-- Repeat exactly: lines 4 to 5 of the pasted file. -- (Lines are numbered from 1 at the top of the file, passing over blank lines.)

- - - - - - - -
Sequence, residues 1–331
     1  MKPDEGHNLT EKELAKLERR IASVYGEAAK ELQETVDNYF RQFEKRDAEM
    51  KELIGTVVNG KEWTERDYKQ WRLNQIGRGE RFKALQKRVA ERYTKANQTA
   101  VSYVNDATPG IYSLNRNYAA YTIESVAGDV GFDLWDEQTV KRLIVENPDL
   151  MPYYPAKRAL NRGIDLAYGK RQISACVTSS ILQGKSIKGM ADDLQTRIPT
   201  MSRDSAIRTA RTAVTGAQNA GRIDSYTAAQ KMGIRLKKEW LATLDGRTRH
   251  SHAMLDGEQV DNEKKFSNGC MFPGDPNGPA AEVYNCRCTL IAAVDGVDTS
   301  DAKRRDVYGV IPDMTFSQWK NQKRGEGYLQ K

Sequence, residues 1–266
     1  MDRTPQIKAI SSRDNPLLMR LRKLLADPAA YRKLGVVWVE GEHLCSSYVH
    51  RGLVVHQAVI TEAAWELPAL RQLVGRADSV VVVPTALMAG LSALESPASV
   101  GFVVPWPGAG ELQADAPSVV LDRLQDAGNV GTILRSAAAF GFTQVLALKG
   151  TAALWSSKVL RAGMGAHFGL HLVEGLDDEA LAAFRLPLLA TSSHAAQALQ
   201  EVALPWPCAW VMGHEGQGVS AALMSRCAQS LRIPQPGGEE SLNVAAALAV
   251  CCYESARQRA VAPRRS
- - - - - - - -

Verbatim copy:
   101  VSYVNDATPG IYSLNRNYAA YTIESVAGDV GFDLWDEQTV KRLIVENPDL
   151  MPYYPAKRAL NRGIDLAYGK RQISACVTSS ILQGKSIKGM ADDLQTRIPT